Commerce, California-based U.S. Lubricants Inc. agreed to pay almost $200,000 in civil penalties under a settlement with the U.S. Environmental Protection Agency for violations of the Clean Water Act at one of its California storage facilities.
U.S. Lubricants is a full service blender, formulator and packager of specialty lubricants and chemicals. The California company is not affiliated with U.S. Lubricants of Appleton, Wisconsin.
After an inspection conducted in May 2017 of U.S. Lubricants Commerce, California, petroleum storage facility EPA found that the company failed to fulfill requirements to: inspect tanks and perform tank integrity testing; provide adequate secondary containment tanks to keep potential spills from leaving the site; develop and implement a facility response plan for major oil spills; and develop a spill prevention, control and countermeasure plan certified by a professional engineer.
The facility in violation is located approximately half a mile from the Los Angeles River, which discharges into the Pacific Ocean 17 miles downstream. Regulations state that owners and operators of facilities in a location which could reasonably expected to discharge oil in or on navigable waters are subject to certain procedures and methods of operation.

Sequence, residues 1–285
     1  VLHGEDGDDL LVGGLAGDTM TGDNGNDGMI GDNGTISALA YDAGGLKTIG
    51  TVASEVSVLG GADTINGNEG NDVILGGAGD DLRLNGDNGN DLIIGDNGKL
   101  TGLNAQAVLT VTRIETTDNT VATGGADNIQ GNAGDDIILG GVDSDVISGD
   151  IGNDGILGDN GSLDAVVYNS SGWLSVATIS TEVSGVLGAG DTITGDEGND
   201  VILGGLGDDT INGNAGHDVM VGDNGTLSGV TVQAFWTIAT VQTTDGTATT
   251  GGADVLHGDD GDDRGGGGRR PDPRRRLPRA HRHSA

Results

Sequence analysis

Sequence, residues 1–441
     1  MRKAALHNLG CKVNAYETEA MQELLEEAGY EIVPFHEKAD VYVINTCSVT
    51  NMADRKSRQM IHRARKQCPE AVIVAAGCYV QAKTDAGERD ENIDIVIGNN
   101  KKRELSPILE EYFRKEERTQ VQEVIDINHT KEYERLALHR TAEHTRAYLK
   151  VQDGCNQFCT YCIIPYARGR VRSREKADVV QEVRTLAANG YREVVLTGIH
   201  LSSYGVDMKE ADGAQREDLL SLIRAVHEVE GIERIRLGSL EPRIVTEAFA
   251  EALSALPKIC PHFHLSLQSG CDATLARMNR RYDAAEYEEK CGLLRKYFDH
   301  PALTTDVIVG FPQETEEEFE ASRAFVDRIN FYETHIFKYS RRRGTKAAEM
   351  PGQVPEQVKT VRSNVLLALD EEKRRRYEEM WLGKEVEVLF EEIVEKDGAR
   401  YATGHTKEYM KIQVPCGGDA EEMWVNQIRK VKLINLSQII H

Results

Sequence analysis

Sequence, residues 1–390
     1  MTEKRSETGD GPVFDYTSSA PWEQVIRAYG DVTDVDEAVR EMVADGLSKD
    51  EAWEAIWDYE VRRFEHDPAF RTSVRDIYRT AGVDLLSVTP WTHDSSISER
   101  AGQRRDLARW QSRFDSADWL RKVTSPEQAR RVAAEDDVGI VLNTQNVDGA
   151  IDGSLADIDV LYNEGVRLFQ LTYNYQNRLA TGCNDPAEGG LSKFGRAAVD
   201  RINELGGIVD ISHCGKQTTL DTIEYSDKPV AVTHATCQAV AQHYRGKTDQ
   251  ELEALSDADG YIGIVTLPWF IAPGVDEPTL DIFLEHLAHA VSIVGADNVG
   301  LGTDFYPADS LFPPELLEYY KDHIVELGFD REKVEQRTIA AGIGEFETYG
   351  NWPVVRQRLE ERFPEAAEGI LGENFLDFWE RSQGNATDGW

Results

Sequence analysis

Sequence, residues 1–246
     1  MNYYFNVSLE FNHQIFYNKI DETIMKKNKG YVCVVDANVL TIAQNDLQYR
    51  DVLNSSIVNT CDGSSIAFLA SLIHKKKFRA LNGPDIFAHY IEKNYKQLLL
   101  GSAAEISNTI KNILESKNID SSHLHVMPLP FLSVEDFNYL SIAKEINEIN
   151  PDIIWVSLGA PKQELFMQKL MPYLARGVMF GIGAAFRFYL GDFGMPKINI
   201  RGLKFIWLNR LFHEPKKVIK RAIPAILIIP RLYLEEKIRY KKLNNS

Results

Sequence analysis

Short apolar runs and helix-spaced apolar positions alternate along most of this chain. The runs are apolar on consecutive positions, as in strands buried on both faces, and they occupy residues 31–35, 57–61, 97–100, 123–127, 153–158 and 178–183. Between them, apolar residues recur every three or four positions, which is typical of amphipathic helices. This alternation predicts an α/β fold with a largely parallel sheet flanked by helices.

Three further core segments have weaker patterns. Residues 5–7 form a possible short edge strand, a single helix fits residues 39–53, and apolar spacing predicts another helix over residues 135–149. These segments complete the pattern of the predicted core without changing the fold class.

U.S. Lubricants stores over one million gallons of oil at the Commerce facility.
The EPA alleged that U.S. Lubricants violated some of the requirements for at least five years before the 2017 inspection.
Under the settlement, the company will pay $196,314. Neither it nor the EPA responded to requests for comment.
In the consent agreement and proposed final order, the agency laid out details regarding the violations. It said U.S. Lubricants failed to have its spill prevention, control and countermeasure plan certified by a professional engineer and that the plan did not address loading and unloading rack containment.
The agency said the company also failed to provide adequate secondary containment for tank farm areas and bulk storage containers; failed to perform regular tank integrity testing; and failed to secure terminal connections when not in use.
The agency said U.S. Lubricants failed to provide adequate security for piping at a rail spur; failed to maintain records of inspections and tests; and failed to address proper design of pipe supports to minimize abrasion and corrosion and allow for expansion and contraction.
The company did not prepare a facility response plan. Such plans outline responses to worst-case discharges of oil or hazardous substances and are required of facilities that store more than one million gallons of oil.
“It is essential that companies operating near our waterways develop and follow a spill prevention plan,” EPA Pacific Southwest Regional Administrator Mike Stoker said in a press release issued July 17. “Our action will help prevent oil spills to the Los Angeles River.”
U.S. Lubricants must pay the full settlement amount within 60 days following the official filing of the consent agreement and final order by the regional hearing clerk.